There is nothing about the repository pattern and dependency injection that is mutually exclusive.
The primary purpose of the Repository Pattern (example) is to divorce your application logic from having to know anything about how to access the data. Whether the Repository uses ORM, an Object Database directly, or just stores files on disk, are simply implementation details of the Repository itself.
The Repository Pattern is used in a few architectural patterns like:
- Onion Architecture
- And similar
The Repository Pattern also allows you to architect Command/Query separation so that how you look up data does not have to match how you store data. It's not uncommon for your data needs to grow, while still supporting your application logic. For example:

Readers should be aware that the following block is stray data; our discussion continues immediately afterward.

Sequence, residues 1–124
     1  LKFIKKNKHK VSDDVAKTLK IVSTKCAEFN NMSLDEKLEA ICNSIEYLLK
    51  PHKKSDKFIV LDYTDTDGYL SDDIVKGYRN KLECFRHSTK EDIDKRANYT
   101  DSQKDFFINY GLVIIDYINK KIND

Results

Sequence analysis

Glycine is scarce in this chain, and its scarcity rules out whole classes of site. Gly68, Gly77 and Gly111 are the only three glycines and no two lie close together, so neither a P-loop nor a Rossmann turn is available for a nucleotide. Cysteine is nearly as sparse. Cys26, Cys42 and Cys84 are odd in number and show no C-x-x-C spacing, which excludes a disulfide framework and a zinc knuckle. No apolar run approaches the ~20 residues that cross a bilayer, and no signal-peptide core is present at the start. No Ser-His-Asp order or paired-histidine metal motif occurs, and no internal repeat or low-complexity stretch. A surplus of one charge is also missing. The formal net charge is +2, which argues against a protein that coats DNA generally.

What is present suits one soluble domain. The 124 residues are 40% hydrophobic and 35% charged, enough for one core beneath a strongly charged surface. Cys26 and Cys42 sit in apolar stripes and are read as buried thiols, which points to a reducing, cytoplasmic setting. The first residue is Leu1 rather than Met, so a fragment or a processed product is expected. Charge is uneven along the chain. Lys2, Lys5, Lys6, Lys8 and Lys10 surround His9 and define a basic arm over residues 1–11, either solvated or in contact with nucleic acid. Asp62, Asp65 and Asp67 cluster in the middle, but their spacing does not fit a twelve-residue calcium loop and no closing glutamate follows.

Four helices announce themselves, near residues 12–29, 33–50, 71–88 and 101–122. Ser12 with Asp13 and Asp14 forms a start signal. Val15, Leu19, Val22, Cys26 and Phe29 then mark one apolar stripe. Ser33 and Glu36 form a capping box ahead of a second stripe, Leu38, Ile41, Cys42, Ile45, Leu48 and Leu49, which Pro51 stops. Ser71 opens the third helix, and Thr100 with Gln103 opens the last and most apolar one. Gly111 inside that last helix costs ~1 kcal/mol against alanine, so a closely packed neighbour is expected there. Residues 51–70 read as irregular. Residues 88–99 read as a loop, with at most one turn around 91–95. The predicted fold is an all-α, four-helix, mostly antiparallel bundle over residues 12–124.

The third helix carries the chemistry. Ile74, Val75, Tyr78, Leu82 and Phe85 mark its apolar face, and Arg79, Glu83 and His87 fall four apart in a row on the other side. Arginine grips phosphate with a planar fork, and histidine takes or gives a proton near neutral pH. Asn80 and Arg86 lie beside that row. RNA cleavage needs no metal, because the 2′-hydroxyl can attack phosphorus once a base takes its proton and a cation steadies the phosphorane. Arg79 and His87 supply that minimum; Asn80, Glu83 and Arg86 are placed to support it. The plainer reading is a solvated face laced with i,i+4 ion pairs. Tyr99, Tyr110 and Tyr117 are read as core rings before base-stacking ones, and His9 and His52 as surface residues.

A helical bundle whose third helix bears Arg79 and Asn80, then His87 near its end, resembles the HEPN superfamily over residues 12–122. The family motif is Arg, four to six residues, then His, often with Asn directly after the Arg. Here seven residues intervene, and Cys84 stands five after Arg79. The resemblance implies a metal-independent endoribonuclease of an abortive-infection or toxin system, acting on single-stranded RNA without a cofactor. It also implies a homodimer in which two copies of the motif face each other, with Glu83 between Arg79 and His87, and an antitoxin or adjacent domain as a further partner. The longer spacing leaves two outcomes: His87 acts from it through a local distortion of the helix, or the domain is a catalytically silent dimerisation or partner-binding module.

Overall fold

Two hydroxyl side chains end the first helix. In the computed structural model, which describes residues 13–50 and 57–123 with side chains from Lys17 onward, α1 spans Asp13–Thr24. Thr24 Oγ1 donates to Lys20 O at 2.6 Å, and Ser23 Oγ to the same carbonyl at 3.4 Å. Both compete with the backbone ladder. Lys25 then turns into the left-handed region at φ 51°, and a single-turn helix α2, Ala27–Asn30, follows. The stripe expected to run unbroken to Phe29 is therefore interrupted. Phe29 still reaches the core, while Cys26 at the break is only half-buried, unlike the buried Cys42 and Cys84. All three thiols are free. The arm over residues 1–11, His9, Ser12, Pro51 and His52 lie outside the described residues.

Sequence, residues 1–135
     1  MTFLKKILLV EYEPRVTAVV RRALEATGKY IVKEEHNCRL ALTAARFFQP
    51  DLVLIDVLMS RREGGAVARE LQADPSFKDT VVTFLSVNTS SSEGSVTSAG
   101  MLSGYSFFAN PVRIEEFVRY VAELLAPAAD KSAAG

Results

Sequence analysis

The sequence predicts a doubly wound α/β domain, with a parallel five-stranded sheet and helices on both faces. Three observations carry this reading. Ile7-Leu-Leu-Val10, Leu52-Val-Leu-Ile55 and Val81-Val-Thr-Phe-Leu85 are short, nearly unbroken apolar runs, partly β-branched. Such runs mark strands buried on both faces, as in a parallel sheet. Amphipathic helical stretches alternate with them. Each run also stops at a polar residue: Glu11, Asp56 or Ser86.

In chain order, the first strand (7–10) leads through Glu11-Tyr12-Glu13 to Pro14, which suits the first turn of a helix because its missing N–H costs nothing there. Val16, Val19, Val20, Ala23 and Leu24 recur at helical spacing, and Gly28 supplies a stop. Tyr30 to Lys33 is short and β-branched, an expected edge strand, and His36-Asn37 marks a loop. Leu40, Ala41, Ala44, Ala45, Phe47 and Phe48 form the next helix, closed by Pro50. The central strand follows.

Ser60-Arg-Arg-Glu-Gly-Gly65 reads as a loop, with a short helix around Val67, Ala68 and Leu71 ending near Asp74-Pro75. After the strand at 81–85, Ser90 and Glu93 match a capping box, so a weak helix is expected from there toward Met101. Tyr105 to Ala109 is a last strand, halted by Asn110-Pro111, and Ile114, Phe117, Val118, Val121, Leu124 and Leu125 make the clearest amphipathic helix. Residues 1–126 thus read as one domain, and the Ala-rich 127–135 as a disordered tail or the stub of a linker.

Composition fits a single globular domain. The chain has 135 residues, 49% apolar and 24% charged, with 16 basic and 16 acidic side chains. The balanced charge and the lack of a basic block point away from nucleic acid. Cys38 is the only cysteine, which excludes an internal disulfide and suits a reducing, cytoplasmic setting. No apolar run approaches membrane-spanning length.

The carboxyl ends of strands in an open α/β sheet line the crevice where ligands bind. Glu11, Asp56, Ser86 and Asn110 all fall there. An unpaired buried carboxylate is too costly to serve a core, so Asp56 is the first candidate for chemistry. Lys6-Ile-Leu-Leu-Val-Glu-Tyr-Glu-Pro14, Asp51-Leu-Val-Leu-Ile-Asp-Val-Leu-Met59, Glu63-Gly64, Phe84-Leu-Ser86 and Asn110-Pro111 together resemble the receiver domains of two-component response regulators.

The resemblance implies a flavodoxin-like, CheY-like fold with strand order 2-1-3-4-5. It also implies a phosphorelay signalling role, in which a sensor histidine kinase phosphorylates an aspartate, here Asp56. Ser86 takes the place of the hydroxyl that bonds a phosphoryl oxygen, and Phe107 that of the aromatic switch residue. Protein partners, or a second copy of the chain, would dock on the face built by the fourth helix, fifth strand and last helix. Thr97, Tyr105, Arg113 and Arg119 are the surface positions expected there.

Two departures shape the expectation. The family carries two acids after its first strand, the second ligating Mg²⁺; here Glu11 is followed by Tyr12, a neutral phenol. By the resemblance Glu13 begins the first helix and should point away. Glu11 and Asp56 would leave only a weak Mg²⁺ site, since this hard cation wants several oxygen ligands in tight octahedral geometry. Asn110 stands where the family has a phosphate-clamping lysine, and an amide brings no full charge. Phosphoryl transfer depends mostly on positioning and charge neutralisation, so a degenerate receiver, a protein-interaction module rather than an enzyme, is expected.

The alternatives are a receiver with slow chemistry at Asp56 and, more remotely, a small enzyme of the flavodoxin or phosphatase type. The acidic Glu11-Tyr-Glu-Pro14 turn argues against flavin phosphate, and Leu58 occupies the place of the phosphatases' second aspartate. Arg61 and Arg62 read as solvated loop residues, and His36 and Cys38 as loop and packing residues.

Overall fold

- Your project starts with only a traditional RDBMS (SQL database)
- You add a search layer to optimize faceted search (Elastic Search or Apache SOLR)
- You add caching to improve response times
- You add a graph database to perform friends of friends searches
All of these concerns are implementation details for how to store and retrieve data. You shouldn't have to recode the rest of your application to support all of these approaches.
Do I Need the Repository Pattern?
That really depends on your project. If you are simply doing a research project for school, or a one-off tool to do a specific job, then probably not.
If you need the flexibility to improve your data access story over time without breaking your application, it's a good tool.